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GOP attorney general candidate seeks to protect opponents of same-sex marriage

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Law professor Josh Hawley, now a Republican candidate for Missouri attorney general, is calling on the state’s legislative leaders to take action to protect opponents of same-sex marriage.

Hawley has sent a letter to House Speaker Todd Richardson, R-Poplar Bluff, and Senate President Pro Tem Ron Richard, R-Joplin, in which he asks them “to make sure religious liberty is at the top of the agenda’’ when the General Assembly reconvenes next month.

Hawley is proposing that lawmakers consider crafting legislation that would protect churches, ministers and religious organizations or institutions from being “fined or sued or punished by the government in any way for following centuries-old religious teaching on marriage.”

Hawley is seeking similar protections for any “business person of faith,’’ who he says may otherwise be “forced to participate in or service a wedding ceremony that violates his or her sincere religious convictions.”

Hawley asserted in the letter that such actions were necessary because President Barack Obama’s administration, in his opinion, “has been the most hostile administration to religious liberty in our nation’s history.’’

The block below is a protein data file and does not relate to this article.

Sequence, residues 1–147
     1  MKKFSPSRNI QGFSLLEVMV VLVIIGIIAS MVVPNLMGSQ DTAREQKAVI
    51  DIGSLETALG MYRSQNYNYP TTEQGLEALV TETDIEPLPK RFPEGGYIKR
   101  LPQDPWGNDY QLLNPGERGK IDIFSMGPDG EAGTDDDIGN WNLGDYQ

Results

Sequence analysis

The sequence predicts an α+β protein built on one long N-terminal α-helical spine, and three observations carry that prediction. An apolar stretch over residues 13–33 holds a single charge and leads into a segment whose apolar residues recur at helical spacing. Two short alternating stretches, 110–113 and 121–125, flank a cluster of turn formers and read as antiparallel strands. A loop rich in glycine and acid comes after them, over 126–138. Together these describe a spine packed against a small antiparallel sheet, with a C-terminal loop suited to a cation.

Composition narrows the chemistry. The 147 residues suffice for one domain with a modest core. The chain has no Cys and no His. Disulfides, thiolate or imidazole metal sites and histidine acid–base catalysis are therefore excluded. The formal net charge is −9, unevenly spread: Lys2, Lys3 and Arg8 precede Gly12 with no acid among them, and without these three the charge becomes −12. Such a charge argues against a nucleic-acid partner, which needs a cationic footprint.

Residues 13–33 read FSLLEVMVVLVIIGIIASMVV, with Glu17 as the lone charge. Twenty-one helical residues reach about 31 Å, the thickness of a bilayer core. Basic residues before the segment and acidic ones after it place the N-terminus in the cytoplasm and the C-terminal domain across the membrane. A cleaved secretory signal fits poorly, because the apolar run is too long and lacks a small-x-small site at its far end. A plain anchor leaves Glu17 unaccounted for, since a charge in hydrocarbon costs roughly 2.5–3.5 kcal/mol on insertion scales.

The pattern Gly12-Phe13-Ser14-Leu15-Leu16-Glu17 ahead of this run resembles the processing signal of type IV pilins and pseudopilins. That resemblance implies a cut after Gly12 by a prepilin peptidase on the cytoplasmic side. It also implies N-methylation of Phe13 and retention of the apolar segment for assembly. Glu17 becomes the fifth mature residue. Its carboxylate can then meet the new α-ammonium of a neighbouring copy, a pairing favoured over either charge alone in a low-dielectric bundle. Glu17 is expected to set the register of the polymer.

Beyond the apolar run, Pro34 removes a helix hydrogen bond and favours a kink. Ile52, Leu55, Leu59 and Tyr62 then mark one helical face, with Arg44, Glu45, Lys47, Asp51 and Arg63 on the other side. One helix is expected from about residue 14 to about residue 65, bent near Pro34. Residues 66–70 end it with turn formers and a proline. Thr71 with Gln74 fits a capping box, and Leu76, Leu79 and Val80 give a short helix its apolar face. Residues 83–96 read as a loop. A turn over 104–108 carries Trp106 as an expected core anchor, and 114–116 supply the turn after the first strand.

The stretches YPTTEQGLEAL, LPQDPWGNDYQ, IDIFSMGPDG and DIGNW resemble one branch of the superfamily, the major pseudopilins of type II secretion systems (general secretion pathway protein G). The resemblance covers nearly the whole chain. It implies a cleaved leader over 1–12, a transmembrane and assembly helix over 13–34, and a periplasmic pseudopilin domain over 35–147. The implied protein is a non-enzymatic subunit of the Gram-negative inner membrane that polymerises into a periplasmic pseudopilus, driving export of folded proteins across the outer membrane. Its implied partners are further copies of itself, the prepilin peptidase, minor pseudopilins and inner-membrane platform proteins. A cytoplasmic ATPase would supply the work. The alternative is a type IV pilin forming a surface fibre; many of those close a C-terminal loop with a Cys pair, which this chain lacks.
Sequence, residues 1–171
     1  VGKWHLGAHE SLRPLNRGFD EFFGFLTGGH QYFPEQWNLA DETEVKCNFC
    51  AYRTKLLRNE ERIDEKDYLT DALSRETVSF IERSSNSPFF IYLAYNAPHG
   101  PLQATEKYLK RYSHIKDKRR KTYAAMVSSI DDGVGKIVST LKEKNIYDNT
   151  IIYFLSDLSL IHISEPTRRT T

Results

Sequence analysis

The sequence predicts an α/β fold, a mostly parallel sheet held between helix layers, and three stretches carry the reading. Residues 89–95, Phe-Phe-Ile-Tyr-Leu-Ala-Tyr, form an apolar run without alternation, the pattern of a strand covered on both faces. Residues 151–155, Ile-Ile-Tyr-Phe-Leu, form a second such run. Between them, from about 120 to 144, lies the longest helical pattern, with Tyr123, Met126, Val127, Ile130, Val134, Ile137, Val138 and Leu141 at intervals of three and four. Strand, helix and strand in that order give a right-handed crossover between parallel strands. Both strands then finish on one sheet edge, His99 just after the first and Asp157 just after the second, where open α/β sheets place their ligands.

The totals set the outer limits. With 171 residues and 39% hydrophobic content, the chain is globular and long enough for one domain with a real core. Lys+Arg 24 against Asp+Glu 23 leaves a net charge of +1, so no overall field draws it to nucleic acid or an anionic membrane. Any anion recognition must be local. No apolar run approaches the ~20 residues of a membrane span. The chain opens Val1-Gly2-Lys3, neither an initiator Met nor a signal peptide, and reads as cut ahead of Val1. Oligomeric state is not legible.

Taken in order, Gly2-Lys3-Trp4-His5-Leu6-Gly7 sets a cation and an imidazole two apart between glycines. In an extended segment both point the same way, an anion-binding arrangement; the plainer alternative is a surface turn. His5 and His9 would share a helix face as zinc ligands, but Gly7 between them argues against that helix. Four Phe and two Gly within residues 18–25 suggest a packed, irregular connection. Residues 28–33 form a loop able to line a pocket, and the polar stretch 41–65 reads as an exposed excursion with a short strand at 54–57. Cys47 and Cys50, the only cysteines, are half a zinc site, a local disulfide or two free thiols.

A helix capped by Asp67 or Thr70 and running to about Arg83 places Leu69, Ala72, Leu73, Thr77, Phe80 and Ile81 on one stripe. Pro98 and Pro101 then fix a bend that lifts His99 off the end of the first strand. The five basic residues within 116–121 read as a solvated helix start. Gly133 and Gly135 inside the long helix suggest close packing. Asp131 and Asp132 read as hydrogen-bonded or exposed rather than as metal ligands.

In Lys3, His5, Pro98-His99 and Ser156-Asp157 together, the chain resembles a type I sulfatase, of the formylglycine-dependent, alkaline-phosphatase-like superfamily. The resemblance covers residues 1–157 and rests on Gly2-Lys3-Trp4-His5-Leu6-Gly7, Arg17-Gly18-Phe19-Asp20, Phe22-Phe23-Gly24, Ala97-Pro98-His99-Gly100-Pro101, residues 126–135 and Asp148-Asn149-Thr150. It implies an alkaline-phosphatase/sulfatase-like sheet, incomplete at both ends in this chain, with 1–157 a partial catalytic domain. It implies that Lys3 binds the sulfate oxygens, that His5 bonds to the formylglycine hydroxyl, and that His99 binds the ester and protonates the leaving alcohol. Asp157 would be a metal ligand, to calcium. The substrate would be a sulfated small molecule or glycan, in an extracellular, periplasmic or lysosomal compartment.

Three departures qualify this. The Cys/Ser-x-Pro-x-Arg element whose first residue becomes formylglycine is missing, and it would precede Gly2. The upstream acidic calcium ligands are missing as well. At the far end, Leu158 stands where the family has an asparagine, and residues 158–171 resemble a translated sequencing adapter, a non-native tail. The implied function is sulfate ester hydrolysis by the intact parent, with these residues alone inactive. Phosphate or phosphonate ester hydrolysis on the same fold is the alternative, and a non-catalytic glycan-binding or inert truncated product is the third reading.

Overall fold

Hawley's proposal is in line with an earlier pledge, made this fall, that -- if elected attorney general -- he'd defend public officials who refuse to sanction same-sex marriages.

He is on leave from his post as a law professor at the University of Missouri-Columbia. Hawley is competing against state Sen. Kurt Schaefer, a Republican from Columbia, for next year's GOP nomination for attorney general.

Both men have made a point of highlighting their socially conservative views. Schaefer is chairing a legislative committee that has been holding hearings on Planned Parenthood's operations around the state. Schaefer has sought to end abortions at the agency's clinic in Columbia, and has been critical of the clinic's longstanding relationship with the University of Missouri-Columbia.

Jo Mannies has been covering Missouri politics and government for almost four decades, much of that time as a reporter and columnist at the St. Louis Post-Dispatch. She was the first woman to cover St. Louis City Hall, was the newspaper’s second woman sportswriter in its history, and spent four years in the Post-Dispatch Washington Bureau. She joined the St. Louis Beacon in 2009. She has won several local, regional and national awards, and has covered every president since Jimmy Carter. She scared fellow first-graders in the late 1950s when she showed them how close Alaska was to Russia and met Richard M. Nixon when she was in high school. She graduated from Valparaiso University in northwest Indiana, and was the daughter of a high school basketball coach. She is married and has two grown children, both lawyers. She’s a history and movie buff, cultivates a massive flower garden, and bakes banana bread regularly for her colleagues.